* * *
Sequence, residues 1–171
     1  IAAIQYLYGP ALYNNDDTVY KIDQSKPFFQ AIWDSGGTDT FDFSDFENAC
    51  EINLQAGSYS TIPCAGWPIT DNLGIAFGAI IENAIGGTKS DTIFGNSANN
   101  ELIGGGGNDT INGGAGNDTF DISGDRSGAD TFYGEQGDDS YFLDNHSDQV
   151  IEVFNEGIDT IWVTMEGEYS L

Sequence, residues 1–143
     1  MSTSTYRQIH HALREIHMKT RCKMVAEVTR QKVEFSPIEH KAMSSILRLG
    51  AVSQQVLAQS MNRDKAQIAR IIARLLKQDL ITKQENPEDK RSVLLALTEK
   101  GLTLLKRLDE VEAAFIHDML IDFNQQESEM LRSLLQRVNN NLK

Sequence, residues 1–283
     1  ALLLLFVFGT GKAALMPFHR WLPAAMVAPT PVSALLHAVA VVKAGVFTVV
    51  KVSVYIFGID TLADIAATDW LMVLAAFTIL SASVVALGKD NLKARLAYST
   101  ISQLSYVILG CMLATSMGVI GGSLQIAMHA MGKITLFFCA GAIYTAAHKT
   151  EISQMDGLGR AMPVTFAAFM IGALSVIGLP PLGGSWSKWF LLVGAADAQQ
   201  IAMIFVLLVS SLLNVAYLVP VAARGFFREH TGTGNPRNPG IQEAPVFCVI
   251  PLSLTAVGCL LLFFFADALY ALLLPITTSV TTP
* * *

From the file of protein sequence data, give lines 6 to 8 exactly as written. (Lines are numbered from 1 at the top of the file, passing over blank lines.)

Sequence, residues 1–143
     1  MSTSTYRQIH HALREIHMKT RCKMVAEVTR QKVEFSPIEH KAMSSILRLG
    51  AVSQQVLAQS MNRDKAQIAR IIARLLKQDL ITKQENPEDK RSVLLALTEK